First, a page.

English Syllabus

I used to hate the night of the first day of school. I loved hear­ing about the first day details, new teach­ers, old and new friends…but The Forms near­ly did me in. A whole pack­et for each kid filled with mul­ti-col­ored papers, many of which asked for the very same infor­ma­tion — so many emer­gency num­bers, med­ical forms etc. All nec­es­sary things, of course, but when we have the tech­nol­o­gy we car­ry in our pock­ets and purs­es, I could nev­er under­stand why I was fill­ing out the same infor­ma­tion every year in pen.

But I digress. My feel­ings about the night of the first day of school changed once the kids hit high school. For what­ev­er rea­son, the forms were less cum­ber­some, almost nonex­is­tent; instead, I have to read and sign syl­labi. I tru­ly enjoy read­ing all the safe­ty pro­to­cols for chem­istry and the vari­a­tions on what will hap­pen if you hand in work late or vio­late the school’s “aca­d­e­m­ic hon­esty” code. But I con­fess, my favorite syl­labus to read is always Eng­lish. The Eng­lish major in me is always curi­ous to see….

Our kids are five years apart in school. Dar­ling Daugh­ter has the very same Sopho­more Hon­ors Eng­lish teacher #1 Son had five years ago. I remem­ber sign­ing the syl­labus five years ago and think­ing how dif­fer­ent the read­ing list was than the one for my Sopho­more Eng­lish class. I had an exchange teacher from Oxford, Eng­land my sopho­more year. We read Shake­speare, Eliot, Dick­ens, Chaucer, Mil­ton — and I read Jane Austen on the side. I can’t remem­ber now all of what #1 Son read, but the list was dif­fer­ent enough that I remem­ber notic­ing. The list did not star­tle in its dif­fer­ence, how­ev­er, as it did this year.

I was prac­ti­cal­ly cheer­ing there on the couch in the liv­ing room Tues­day night. I want my kids to read lots of Shake­speare, Chaucer. Mil­ton, Dick­ens, Eliot and Austen, to be sure. But we are liv­ing in a rapid­ly chang­ing world and there are some books on Dar­ling Daughter’s syl­labus that I am pos­i­tive­ly thrilled to see. This Eng­lish major’s heart did a lit­tle pit­ty-pat as I signed that syl­labus and wrote a quick note of glad­ness to the teacher, as well.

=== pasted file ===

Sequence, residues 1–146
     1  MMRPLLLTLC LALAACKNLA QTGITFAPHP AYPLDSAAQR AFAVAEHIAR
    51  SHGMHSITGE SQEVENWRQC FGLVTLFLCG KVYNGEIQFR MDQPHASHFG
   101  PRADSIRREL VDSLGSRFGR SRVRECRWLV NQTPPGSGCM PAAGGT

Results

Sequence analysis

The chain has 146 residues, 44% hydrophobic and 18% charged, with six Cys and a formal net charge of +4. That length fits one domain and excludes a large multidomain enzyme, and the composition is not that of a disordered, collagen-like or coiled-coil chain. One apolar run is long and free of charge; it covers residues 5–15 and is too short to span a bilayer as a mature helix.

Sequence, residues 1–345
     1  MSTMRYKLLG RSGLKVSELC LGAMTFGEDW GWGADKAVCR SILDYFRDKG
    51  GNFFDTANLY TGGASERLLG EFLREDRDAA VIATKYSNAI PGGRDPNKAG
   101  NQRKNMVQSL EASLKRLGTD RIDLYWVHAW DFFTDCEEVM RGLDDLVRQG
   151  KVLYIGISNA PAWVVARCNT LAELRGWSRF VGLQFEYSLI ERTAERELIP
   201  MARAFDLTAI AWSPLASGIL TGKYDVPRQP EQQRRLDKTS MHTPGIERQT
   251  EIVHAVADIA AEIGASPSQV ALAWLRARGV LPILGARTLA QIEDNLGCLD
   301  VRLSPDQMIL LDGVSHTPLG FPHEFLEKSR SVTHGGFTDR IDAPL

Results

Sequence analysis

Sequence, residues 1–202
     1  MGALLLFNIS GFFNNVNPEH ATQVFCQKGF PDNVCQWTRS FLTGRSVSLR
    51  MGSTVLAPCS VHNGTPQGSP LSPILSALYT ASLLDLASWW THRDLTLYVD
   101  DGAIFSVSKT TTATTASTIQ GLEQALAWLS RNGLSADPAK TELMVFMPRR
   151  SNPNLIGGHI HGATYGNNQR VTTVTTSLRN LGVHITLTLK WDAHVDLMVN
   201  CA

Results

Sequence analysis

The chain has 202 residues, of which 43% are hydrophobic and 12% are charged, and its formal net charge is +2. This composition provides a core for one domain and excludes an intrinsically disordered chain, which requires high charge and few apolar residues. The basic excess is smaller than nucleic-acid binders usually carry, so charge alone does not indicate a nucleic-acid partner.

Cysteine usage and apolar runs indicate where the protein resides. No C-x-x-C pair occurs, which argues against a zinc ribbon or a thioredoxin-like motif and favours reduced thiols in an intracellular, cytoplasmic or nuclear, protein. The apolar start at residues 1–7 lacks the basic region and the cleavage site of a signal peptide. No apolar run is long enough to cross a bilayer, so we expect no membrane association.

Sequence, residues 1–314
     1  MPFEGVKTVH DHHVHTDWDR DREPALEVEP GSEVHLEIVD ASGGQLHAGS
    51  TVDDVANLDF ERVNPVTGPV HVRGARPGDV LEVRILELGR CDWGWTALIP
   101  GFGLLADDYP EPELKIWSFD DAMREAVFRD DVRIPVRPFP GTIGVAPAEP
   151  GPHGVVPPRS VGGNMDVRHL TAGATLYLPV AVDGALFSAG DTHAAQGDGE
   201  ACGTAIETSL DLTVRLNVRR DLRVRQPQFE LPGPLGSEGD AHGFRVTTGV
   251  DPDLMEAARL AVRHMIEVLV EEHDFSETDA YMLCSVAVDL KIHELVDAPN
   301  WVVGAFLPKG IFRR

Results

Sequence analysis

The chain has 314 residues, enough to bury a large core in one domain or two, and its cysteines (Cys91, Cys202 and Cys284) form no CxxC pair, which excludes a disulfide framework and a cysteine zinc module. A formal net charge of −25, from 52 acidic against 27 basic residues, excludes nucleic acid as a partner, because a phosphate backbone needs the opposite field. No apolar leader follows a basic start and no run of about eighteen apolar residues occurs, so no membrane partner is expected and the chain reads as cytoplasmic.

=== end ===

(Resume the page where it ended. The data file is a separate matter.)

Sid­dhartha by Her­mann Hesse, and Night by Elie Wiesel — both Ger­man authors; Pur­ple Hibis­cus, a nov­el writ­ten by the Niger­ian author Chi­ma­man­da Ngozi Adichie; The Kite Run­ner by Afghan-Amer­i­can Khaled Hos­sei­ni; Nei­ther Wolf Nor Dog by Kent Ner­burn, a Min­neso­ta author rec­og­nized as one of the very few authors who can respect­ful­ly bridge the gap between Native and non-Native cul­tures; Perse­po­lis by Iran­ian-born French graph­ic nov­el­ist Mar­jane Satrapi; and The Oth­er Wes Moore: One Name, Two Fates by (one of the men named) Wes Moore.

What A List! And they’ll be talk­ing about sign and sym­bol, arche­types, allu­sions, and motifs! (Pit­ter-pat, pit­ter-pat…) And many oth­er things as well, I’m guessing.

Dar­ling Daugh­ter said, “I don’t know any of these books….” And I said, grand­ly ges­tur­ing at the book­case, “We have most of them and I will get the oth­ers. I’ve read many, but not all. Can’t wait!”

Maybe I was a lit­tle too excit­ed… I’ll try not to read ahead at least. I’ll glad­ly home­school the Austen and Eliot, Shake­speare and Chaucer, Mil­ton and Dick­ens. Times are chang­ing and books are an impor­tant part of how we learn about the expe­ri­ences of oth­ers. Huz­zah to our teach­ers who respond with new chal­leng­ing texts that reflect the world in which our kids are living.




Notify of

This site uses Akismet to reduce spam. Learn how your comment data is processed.

Inline Feedbacks
View all comments
Cathy Ballou Mealey
6 years ago

That’s excit­ing! I am going to use that list to shop for my daugh­ter’s Christ­mas books. Not sure her sopho­more Eng­lish Lit class will be so inclu­sive next year, but you nev­er know!

David LaRochelle
David LaRochelle
6 years ago

Looks like a great list! I’m afraid Sid­dhartha was the only title I’ve read, and that was back in a high school lit class. Glad that teach­ers are keep­ing their read­ing lists updat­ed (though a lit­tle Shake­speare nev­er hurts any­one either!).

Lauren Stringer
Lauren Stringer
6 years ago

What an excel­lent list. I felt the same excite­ment when my kids came home with their read­ing lists from high school. Their edu­ca­tion became mine. Great post!